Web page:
Carbon storage lifespan is linked to organism and organic material lifespans

Carbon stored in organic matter is released back into the air through burning or decomposition. The latter starts when various portions of living organisms are detached from the organism (e.g. shed leaves, detached twigs) or after the organism dies. Because different plant-forms have different life-spans, carbon is stored for different lengths of time. Carbon stored in an annual herb, for example, is released back into the air faster than carbon stored in a perennial herb, which is in turn faster than that in a perennial tree. Parts of a plant that is removed through pruning, clipping, or mowing also shortens its carbon storage lifespan.

Life-cycle carbon assessments

Life-cycle assessments evaluate the environmental impacts associated with all life-cycle stages of a product, process, or service. These life-cycle stages include the extraction of raw material, material processing, production, transport, distribution, use, maintenance, and disposal or recycling. For example, although turfgrass captures carbon through photosynthesis, it requires fertilization, mowing (often fuel-powered), and irrigation during maintenance. Given the little amount of carbon turfgrass captures, its short lifespan, and even shorter carbon-storage lifespan for mowed grasses, life-cycle carbon assessments of lawns have determined them as net carbon emitters, emitting over 1 kg of carbon per m2 per year.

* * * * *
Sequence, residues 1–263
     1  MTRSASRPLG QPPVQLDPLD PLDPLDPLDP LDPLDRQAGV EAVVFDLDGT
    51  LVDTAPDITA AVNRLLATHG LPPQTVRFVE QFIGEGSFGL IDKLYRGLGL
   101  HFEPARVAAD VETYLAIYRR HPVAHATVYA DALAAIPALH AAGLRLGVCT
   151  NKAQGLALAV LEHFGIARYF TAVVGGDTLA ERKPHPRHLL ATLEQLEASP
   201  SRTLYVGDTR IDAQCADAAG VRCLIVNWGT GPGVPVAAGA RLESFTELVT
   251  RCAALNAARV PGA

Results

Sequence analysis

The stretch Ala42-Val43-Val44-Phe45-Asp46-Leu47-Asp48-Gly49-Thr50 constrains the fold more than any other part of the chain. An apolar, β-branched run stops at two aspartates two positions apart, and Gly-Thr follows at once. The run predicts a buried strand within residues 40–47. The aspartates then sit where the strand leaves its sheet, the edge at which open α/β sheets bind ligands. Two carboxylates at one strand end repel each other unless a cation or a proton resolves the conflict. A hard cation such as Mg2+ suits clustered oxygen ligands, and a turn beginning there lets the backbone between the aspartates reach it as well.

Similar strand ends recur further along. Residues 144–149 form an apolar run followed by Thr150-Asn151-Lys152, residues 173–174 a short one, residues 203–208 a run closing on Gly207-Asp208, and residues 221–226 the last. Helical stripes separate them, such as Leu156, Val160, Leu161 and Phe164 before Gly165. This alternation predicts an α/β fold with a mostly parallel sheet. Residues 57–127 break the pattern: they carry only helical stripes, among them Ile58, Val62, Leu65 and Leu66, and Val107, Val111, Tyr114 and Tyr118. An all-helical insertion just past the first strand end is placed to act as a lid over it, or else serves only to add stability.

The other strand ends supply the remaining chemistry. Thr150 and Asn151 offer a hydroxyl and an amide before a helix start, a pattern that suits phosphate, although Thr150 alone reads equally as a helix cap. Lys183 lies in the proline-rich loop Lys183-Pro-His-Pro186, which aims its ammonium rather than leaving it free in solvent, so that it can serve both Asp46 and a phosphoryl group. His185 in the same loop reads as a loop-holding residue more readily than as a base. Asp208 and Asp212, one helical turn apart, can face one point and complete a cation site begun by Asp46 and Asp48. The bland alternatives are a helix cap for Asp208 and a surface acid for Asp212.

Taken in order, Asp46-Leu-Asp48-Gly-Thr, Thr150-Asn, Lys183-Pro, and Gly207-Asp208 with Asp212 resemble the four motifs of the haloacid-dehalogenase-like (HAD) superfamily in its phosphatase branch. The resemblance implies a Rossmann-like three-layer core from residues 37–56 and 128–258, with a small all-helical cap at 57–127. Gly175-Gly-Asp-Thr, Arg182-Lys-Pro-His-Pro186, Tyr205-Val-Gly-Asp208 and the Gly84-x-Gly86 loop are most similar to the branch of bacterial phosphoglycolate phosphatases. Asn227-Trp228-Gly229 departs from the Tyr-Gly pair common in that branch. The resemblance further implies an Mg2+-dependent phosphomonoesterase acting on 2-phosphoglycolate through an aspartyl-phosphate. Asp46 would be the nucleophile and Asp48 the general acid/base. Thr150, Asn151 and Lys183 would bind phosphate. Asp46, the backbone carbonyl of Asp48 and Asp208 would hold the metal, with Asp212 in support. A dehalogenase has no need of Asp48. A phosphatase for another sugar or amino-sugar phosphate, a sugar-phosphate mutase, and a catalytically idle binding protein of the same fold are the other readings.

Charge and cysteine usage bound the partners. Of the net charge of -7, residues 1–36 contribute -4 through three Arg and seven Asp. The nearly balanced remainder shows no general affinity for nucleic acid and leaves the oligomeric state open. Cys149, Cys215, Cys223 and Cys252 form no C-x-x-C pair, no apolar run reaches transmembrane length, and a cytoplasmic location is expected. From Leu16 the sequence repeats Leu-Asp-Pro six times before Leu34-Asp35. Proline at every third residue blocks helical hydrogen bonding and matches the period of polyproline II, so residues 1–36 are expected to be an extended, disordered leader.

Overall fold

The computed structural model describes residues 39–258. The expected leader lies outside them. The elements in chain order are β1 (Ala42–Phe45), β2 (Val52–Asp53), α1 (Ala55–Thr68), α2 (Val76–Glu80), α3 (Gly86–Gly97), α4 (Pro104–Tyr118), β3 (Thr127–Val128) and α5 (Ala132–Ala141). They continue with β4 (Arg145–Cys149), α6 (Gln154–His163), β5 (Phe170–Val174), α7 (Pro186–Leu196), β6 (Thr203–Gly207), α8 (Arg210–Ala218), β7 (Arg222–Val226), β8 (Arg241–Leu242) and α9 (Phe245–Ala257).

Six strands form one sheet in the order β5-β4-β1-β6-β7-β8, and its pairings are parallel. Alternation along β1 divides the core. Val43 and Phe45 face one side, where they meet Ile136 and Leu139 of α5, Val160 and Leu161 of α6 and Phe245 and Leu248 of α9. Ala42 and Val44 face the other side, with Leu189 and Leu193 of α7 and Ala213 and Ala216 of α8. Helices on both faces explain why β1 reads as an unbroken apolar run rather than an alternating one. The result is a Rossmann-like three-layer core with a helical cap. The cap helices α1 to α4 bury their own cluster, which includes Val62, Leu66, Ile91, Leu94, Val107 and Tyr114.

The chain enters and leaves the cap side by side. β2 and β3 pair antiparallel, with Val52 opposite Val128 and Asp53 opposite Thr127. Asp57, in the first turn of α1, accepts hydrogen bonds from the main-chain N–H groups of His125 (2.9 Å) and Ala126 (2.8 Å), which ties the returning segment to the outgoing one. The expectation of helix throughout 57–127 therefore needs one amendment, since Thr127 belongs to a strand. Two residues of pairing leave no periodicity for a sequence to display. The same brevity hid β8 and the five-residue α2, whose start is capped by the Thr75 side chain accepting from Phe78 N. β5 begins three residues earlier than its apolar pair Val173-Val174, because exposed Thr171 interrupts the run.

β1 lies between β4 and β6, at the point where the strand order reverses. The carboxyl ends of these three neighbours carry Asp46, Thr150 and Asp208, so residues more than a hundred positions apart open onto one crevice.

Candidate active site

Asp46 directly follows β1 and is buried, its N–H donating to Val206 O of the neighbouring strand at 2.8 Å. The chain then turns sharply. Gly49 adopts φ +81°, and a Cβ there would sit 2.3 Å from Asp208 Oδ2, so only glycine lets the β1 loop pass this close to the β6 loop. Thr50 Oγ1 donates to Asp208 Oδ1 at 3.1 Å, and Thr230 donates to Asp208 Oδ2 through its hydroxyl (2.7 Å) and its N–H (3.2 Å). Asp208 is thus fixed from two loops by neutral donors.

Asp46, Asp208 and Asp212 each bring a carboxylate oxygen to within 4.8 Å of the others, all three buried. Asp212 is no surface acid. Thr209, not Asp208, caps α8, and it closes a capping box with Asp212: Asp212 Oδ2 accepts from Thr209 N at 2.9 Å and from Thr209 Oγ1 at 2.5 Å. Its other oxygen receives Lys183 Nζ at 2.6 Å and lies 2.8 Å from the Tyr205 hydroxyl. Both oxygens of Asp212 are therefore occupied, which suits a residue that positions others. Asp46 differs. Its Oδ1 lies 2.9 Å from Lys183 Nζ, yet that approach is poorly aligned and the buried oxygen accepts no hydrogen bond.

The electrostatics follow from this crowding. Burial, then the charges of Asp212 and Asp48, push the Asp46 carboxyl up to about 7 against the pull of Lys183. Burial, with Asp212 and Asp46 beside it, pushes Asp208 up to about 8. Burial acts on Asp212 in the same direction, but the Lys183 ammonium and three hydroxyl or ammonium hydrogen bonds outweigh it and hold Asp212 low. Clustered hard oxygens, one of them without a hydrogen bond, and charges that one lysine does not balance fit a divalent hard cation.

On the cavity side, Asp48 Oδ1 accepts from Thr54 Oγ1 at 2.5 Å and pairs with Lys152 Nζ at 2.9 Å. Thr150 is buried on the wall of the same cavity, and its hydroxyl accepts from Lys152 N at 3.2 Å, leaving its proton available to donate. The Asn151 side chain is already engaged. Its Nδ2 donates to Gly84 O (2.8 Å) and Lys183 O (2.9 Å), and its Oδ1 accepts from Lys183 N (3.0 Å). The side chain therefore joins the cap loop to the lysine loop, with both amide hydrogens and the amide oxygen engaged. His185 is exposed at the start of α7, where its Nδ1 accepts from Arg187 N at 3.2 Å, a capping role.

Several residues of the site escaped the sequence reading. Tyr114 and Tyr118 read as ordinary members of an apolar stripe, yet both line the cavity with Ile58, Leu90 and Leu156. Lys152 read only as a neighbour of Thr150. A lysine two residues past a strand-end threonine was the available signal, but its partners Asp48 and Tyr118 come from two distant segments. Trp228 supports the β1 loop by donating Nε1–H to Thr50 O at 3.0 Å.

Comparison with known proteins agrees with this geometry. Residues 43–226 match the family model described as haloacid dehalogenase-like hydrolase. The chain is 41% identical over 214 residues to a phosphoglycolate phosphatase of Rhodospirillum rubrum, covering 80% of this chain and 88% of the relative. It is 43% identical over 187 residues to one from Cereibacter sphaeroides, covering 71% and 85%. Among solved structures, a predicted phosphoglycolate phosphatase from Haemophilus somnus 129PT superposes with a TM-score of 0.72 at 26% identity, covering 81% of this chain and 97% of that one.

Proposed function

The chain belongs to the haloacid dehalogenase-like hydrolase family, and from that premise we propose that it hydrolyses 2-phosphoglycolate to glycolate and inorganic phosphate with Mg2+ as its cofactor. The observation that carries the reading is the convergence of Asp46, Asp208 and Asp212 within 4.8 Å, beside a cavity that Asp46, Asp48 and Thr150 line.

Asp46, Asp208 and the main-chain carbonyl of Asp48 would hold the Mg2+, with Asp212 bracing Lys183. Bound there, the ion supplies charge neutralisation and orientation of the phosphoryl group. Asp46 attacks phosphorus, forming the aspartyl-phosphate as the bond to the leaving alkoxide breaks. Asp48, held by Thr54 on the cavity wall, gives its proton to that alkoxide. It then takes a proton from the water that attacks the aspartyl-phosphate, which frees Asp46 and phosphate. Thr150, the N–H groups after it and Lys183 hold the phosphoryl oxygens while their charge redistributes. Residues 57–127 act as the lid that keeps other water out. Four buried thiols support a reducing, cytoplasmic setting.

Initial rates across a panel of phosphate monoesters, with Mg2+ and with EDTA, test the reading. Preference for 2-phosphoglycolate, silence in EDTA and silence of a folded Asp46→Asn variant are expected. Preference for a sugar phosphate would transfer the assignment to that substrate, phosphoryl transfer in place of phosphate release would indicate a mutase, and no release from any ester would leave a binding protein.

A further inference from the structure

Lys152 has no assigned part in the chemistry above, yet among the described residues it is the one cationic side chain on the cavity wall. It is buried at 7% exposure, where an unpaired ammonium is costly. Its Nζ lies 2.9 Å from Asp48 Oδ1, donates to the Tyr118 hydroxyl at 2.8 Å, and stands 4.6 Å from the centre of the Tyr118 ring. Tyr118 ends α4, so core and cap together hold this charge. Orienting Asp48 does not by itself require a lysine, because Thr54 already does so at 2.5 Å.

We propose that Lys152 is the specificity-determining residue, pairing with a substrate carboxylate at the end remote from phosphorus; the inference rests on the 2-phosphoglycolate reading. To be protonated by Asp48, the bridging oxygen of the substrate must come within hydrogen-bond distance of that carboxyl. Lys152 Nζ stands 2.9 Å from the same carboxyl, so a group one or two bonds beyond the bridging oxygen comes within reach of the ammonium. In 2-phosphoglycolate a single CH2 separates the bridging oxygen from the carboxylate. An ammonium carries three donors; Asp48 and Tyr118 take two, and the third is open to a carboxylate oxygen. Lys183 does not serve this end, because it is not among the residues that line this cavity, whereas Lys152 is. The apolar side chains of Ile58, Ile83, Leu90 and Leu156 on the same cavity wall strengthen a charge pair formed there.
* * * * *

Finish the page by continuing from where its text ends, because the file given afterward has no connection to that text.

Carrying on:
Application by Landscape Architects

  • Landscape Architects need to aim not only for net-zero carbon target for our sites, but rather negative carbon targets to help counter-balance the massive carbon emissions from human activities occurring in other landuse zones. The more carbon our sites capture and store, the higher the chance that costs associated with landscape projects and maintenance may be covered by carbon trade offsets.
  • Short-lived organisms such as herbaceous plants store carbon for short periods of time and generally do not contribute to carbon sequestration. When such plantings are specified, they should at least form net-zero carbon cycles through continuous regrowth.